Norcold Heater

Discussion in 'Talkback' started by cjcj, Jul 30, 2008.

  1. cjcj

    cjcj New Member

    How long should I expect the Norcold AC Heater (part # 621702) to take to start cooling the refrig? I feel the 3/4" line getting warm / hot - but it seems to take 20 minutes or so before the tube is all warm / mildly hot.

    Is the heater tube on it's way out and needs to be replaced?

    Thanks
     
  2. C Nash

    C Nash Senior Member

    Re: Norcold Heater

    Welcome to the forum. Do you mean how long before the fridge starts cooling?
     
  3. cjcj

    cjcj New Member

    Re: Norcold Heater

    Yes - how long

    Thanks
     
  4. elkhartjim

    elkhartjim Senior Member

    Re: Norcold Heater

    It starts cooling quickly but it will take up to 24 hours or longer to lower temp to 35-40 degrees.
     
  5. C Nash

    C Nash Senior Member

    Re: Norcold Heater

    You should start feeling some cooling in the freezer box after 30 mins or so depending on how hot it was to start with. Like Jim said it will take around 24 hrs to get to the lower temps. Best to chill everything before puting them in the box if possible.
     
  6. cjcj

    cjcj New Member

    Re: Norcold Heater

    Great! Thanks. It took about 20 to 30 minutes and you could tell the freezer was starting to cool. Just cursious - why the freezer first - then the fridge? I found a Norcold Repair manual that seems to show resistence measurememts for the heater (200W = 61OHMS - +/- 5%). I'll let it run overnight and see how it goes.

    Great forum - and thanks again. I'm sure I'll be back with more questions or replies!

    Thanks again!
     
  7. scarince

    scarince New Member

    Re: Norcold Heater

    Freezer first because the cooling solution is pumped to top of the unit, then it travels down back to the boiler as it cools. From the top down it passes through the freezer evaporator first, then on down to the fresh food compartment, so you see the cooling on top first.
     
  8. Kirk

    Kirk Senior Member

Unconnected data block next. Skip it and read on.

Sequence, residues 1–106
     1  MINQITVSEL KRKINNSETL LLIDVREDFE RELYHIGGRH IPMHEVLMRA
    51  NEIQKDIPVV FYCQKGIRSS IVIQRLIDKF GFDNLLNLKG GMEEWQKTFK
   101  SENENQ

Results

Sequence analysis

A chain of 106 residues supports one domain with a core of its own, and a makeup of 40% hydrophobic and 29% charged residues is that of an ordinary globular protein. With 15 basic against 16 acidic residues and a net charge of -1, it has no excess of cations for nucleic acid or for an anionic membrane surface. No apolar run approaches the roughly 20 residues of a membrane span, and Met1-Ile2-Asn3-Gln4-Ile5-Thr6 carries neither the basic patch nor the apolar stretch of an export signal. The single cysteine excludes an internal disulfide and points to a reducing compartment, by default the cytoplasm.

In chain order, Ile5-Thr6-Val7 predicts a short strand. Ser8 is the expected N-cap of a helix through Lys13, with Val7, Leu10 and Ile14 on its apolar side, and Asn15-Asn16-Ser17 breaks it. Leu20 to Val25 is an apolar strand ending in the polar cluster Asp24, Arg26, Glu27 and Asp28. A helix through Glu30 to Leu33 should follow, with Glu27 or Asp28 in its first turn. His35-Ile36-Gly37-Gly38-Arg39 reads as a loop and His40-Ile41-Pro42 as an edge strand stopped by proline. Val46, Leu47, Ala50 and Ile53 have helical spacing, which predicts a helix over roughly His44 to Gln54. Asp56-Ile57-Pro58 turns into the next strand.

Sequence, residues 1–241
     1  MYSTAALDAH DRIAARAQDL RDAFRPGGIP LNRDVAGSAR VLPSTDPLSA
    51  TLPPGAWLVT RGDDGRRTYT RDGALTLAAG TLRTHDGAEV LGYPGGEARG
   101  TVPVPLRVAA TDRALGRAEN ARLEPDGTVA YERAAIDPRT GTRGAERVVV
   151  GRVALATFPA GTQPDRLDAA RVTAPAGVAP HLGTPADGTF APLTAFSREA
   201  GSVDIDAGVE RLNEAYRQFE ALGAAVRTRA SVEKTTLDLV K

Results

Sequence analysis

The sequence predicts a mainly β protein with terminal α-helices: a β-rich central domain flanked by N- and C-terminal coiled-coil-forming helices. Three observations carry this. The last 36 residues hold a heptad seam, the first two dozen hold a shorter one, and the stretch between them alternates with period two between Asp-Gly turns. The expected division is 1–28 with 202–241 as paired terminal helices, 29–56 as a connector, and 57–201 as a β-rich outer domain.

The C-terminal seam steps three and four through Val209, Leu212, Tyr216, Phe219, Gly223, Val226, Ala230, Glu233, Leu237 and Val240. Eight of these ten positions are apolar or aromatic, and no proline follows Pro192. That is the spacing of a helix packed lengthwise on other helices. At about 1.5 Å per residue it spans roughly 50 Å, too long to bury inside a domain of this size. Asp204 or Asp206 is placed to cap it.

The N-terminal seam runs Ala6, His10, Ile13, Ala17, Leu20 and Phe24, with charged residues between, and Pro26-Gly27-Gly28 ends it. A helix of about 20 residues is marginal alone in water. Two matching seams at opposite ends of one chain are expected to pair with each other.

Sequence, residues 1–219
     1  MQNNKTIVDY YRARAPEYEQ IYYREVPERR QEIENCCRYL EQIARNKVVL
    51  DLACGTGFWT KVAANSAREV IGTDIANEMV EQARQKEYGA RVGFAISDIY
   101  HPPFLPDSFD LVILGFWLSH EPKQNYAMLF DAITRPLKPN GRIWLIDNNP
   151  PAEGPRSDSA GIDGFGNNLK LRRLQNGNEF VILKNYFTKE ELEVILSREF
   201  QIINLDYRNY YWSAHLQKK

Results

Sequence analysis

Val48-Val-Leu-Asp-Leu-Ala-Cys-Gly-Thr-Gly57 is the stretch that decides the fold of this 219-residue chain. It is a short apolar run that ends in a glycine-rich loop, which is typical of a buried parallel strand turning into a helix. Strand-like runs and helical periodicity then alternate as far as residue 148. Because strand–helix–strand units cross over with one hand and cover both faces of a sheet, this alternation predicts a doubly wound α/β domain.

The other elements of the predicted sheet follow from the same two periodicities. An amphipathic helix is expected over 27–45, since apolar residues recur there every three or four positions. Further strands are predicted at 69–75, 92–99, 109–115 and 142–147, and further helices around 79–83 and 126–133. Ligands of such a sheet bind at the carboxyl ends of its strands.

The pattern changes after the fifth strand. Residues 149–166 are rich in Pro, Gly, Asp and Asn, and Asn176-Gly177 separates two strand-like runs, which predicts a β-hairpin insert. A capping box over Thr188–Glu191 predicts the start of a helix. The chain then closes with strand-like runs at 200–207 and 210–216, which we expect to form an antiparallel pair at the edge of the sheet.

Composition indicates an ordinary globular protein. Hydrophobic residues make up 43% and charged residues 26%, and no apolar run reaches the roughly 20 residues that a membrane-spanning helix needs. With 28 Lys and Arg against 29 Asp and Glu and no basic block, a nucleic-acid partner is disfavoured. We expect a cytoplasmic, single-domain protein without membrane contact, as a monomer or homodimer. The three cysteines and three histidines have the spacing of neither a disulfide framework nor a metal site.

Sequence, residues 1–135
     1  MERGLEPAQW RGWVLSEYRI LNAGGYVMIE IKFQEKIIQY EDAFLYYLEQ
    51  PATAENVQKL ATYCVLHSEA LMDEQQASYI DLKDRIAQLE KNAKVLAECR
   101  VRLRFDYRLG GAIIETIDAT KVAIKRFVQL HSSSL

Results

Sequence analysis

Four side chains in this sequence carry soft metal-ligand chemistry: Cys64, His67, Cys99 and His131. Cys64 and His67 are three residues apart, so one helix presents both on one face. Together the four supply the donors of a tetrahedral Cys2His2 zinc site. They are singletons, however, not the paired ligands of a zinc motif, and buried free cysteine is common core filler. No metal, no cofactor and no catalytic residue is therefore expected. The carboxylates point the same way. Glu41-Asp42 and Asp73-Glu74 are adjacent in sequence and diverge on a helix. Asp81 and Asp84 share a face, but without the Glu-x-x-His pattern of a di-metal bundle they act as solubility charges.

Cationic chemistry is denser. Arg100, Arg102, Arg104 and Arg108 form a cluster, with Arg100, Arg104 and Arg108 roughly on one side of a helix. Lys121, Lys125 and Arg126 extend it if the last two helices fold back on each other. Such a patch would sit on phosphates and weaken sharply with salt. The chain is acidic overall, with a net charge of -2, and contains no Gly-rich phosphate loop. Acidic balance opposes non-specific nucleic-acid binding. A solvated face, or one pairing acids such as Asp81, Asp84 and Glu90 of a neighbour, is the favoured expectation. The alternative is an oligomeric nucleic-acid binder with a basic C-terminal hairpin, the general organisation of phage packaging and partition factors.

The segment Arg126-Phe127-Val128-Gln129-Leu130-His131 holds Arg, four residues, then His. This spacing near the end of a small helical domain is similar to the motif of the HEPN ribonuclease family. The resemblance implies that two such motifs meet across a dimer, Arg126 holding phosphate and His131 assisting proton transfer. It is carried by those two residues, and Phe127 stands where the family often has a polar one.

Re: Norcold Heater

    The cooling process in an RV refrigerator works by absorption, and the coolant moves by convection flow and has no moving parts, pumps, or compressors.

    What happens is that a mixture of ammonia & distilled water is heated in a boiler and it turns to a vapor. That vapor will rise to the very top of the refrigerator because hot vapor rises and cooler liquids flow down. The heater vapors are under pressure due to the absorbed heat. When it reaches the top of the refrigerator, it enters the cooling coils of the freezer first, and as the pressure is released the vapor expands and it also absorbs heat energy from the coils, thus lowering the temperature inside of the freezer compartment. The expanding vapor then flows down through the coils and enters the coils of the chill box part of the refrigerator. Any remaining vapor pressure then fully expands again absorbing more heat energy from the chill box as it slowly moves toward the heat exchanger.

    In the heat exchanger, air moving upward through the back of the refrigerator cools the now low pressure vapor back into a liquid and it flows on down, into the liquid reservoir at the bottom of the refrigerator. From that reservoir the liquid runs into a boiler where either a propane flame or an electric heater supplies the heat to vaporize the mixture again and the pressurized vapor again rises to the top, due to convection because hot always rises. Since the most vapor reaches the freezer first, it also will cool first and if there isn't enough cooling, or if the freezer is too warm, all vapor pressure will be released in the freezer and so no effect is seen in the chill box until the freezer is fairly cool and no longer supplies enough energy to allow the vapor to completely expand.

    The RV refrigerator is designed in that way for two reasons. First, it means that when cooling ability is limited, the frozen items will be protected most. Second, it also makes for much more simple controls since the designer just puts a thermistor on the cooling coils of the chill box which is then used to control the cooling operation. With this design, by using the proper ratio of cooling coil size the freezer will stay a proper temperature differential below that of the chill box and so one control does the job.

    This is a pretty simplified explanation of how they work, but it should give you some idea of how you can use heat, to cool a refrigerator and even to freeze things. The key is that when a pressurized gas is allowed to expand it has to absorb heat energy, no matter what the surrounding temperatures may be. The heat that is removed in the expansion process is then removed from the refrigerator cooling unit in the coils at the very back of the flue area by the air that rises through the cooling unit and out the top vent. That is also the reason that the addition of a small fan to the rear of the refrigerator in hot weather can improve the cooling of the refrigerator, since excess heat has to be moved out the top of the refrigerator.
     
  9. elkhartjim

    elkhartjim Senior Member

    Re: Norcold Heater

    Now, all we gotta do is get Tex to explain why ice cream stays soft in the freezer and the story will be complete.
     
  10. Guest

    Guest Guest

    Re: Norcold Heater

    oh no not agian ,, jim the ice cream thingy :eek: :eek: :eek: :eek: ;) :laugh: :laugh: :laugh:
     
  11. C Nash

    C Nash Senior Member

    Re: Norcold Heater

    Cause it aint frooooze Jim but I bet Tex will give a Dr Tex answer ;)
     

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